Recently Certified Machines Never Tested in an Election, Voters to be Guinea Pigs This November...
By John Gideon on 10/25/2006, 1:23pm PT  

Guest Blogged by John Gideon

The Chicago Tribune is reporting that the city of Chicago Board of Elections Commissioners has decided that they may hold back payment on their new voting machines because they are afraid of 'potential glitches.'

Cook County's election board, a separate entity, will not be paying their portion of the $26M still owed to Sequoia until after the election in two weeks. Now the city has openly voted, at least for now, to see what happens in the election before they make a decision to make their final payment.

The guinea pig voters may end up giving up their democracy in the bargain, but at least they may save a few dollars!

Sequoia's president, Jack Blaine, told the paper that he felt the company had done all they could and that they deserved to be paid. As the Trib reports...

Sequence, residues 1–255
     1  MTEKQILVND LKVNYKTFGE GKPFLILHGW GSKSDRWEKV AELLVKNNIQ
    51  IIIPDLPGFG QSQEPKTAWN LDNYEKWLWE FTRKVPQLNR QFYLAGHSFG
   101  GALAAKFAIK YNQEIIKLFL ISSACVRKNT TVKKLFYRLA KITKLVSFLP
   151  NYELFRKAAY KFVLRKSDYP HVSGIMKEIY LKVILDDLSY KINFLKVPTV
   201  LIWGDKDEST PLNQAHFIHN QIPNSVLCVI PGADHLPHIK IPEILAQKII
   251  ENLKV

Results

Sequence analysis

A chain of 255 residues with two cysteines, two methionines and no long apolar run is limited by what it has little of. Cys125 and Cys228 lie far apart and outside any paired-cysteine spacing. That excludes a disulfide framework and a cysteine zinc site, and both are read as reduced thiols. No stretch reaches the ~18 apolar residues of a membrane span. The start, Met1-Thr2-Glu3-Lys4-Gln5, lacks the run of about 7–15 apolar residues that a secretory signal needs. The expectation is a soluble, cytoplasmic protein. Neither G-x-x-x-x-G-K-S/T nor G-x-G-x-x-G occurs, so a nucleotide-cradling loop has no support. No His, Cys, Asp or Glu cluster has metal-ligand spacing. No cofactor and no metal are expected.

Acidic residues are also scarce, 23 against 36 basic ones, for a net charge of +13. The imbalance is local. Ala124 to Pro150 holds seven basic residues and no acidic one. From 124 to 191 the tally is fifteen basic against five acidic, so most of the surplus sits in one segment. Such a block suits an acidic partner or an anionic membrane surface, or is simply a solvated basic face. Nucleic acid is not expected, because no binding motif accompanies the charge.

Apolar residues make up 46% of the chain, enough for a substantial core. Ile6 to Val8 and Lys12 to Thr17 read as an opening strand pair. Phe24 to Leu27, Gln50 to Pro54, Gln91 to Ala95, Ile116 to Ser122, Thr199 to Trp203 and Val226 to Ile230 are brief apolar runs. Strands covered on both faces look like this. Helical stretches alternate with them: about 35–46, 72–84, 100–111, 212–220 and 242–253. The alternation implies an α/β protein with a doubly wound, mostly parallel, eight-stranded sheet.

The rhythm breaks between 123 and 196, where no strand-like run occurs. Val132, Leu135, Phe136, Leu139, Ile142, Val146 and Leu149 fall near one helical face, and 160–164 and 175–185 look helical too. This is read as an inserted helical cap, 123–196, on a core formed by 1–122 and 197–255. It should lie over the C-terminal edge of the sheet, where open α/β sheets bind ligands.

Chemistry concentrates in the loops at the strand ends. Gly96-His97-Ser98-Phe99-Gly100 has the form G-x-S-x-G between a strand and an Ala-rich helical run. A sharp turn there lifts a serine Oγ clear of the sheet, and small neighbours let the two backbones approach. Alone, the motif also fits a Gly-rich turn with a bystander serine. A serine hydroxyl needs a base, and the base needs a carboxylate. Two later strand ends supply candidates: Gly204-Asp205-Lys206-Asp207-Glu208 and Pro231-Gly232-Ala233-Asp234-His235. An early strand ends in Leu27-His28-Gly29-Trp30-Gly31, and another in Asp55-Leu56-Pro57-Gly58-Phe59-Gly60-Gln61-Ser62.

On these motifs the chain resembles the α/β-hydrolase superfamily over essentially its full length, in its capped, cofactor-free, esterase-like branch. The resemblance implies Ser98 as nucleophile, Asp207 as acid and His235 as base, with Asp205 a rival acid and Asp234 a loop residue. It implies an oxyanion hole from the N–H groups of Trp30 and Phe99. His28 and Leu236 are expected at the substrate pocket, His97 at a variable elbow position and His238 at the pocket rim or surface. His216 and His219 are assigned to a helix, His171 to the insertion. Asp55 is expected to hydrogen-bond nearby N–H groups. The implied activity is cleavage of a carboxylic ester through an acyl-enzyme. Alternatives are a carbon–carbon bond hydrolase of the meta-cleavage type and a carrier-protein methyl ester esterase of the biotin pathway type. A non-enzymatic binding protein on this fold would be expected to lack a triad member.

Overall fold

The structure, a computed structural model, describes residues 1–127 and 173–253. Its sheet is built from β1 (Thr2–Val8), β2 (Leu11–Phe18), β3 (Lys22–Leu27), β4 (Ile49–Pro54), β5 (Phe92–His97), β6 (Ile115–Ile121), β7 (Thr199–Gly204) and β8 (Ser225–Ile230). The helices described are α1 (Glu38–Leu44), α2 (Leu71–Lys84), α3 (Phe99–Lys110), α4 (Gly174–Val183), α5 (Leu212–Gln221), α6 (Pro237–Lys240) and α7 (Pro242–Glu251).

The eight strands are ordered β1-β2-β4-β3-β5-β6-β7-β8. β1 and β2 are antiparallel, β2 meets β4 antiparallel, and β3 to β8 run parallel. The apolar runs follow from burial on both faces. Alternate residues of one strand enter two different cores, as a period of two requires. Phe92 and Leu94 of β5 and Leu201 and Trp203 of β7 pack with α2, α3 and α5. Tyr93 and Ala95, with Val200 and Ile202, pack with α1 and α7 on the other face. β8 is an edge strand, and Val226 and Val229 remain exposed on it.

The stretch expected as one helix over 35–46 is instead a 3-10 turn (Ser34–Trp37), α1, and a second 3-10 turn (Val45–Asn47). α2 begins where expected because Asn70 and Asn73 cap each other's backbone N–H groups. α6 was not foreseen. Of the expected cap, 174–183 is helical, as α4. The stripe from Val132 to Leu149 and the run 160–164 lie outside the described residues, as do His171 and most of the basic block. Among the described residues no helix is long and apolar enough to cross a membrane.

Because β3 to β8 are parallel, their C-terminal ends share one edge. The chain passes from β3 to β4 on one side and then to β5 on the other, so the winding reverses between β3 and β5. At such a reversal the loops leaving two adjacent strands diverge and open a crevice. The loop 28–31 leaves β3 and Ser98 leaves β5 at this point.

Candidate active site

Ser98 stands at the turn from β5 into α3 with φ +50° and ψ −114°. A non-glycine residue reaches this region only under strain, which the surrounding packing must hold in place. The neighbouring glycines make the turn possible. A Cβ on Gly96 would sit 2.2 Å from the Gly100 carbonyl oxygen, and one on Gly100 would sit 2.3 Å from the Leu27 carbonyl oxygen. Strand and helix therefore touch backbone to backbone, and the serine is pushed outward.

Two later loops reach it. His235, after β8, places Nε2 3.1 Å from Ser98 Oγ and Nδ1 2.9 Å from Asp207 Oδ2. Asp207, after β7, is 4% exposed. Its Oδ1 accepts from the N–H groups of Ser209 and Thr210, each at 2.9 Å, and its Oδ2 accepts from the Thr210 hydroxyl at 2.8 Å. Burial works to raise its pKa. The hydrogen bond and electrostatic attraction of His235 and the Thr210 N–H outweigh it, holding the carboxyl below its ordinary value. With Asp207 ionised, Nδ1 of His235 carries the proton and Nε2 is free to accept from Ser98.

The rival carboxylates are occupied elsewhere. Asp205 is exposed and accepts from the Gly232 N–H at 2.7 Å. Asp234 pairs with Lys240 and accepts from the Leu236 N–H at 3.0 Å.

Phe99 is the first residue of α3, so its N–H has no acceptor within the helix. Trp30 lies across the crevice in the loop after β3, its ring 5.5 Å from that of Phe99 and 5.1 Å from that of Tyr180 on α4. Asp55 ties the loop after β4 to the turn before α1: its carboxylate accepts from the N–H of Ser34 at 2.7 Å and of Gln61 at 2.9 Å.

Earlier payments were temporarily held after equipment snafus and a lack of sufficient poll worker training led to a virtual meltdown in the March primary. Election officials have since boosted worker training and demanded many repairs to the machinery and software.

Officials also questioned Sequoia about problems some early voters experienced when they inserted a key card into touch-screen machines. Officials said the machines gave error messages in some cases when voters inserted the cards incorrectly. In other cases, the cards created errors if an election worker or voter smudged them with greasy fingers.

No wonder the city wants to wait. In fact one needs to ask why the city is even planning to use these machines. The system has never been used in any election previously, a fact that seems to have escaped the Trib just as it has the rest of the local MSM.

The voting system to be used in Chicago and Cook County has just gone through federal Independent Test Authority testing and was only recently certified for use by the state of Illinois. Now we hear that voters are having problems with key cards. I guess a new part of Sequoia's voting system should be a "Handi-Wipe" dispenser.

But the real question is and should be; what about the voters?

City and county officials may have saved themselves from paying for a system that doesn't work but the voters are being asked to 'beta test' that system in a live election --- with billioins of dollars on the line --- and problems with the system will be lost votes and democracy lost. Again.